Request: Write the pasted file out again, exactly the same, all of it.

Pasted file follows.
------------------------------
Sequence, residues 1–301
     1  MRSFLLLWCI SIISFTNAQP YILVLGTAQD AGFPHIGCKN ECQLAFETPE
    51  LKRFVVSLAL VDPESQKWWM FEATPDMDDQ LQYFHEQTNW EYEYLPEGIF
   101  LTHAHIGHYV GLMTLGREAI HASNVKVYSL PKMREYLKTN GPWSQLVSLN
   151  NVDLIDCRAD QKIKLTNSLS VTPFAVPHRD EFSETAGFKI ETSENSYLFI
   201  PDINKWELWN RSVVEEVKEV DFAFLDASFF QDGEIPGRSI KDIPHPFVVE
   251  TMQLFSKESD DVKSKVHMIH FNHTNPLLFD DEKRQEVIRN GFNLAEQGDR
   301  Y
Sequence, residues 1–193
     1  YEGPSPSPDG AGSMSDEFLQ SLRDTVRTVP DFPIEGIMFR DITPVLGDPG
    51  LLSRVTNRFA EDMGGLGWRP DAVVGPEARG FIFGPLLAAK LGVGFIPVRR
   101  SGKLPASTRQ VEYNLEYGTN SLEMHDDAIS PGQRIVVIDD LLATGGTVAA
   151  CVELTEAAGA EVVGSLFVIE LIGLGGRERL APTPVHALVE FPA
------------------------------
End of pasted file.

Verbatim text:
Sequence, residues 1–301
     1  MRSFLLLWCI SIISFTNAQP YILVLGTAQD AGFPHIGCKN ECQLAFETPE
    51  LKRFVVSLAL VDPESQKWWM FEATPDMDDQ LQYFHEQTNW EYEYLPEGIF
   101  LTHAHIGHYV GLMTLGREAI HASNVKVYSL PKMREYLKTN GPWSQLVSLN
   151  NVDLIDCRAD QKIKLTNSLS VTPFAVPHRD EFSETAGFKI ETSENSYLFI
   201  PDINKWELWN RSVVEEVKEV DFAFLDASFF QDGEIPGRSI KDIPHPFVVE
   251  TMQLFSKESD DVKSKVHMIH FNHTNPLLFD DEKRQEVIRN GFNLAEQGDR
   301  Y
Sequence, residues 1–193
     1  YEGPSPSPDG AGSMSDEFLQ SLRDTVRTVP DFPIEGIMFR DITPVLGDPG
    51  LLSRVTNRFA EDMGGLGWRP DAVVGPEARG FIFGPLLAAK LGVGFIPVRR
   101  SGKLPASTRQ VEYNLEYGTN SLEMHDDAIS PGQRIVVIDD LLATGGTVAA
   151  CVELTEAAGA EVVGSLFVIE LIGLGGRERL APTPVHALVE FPA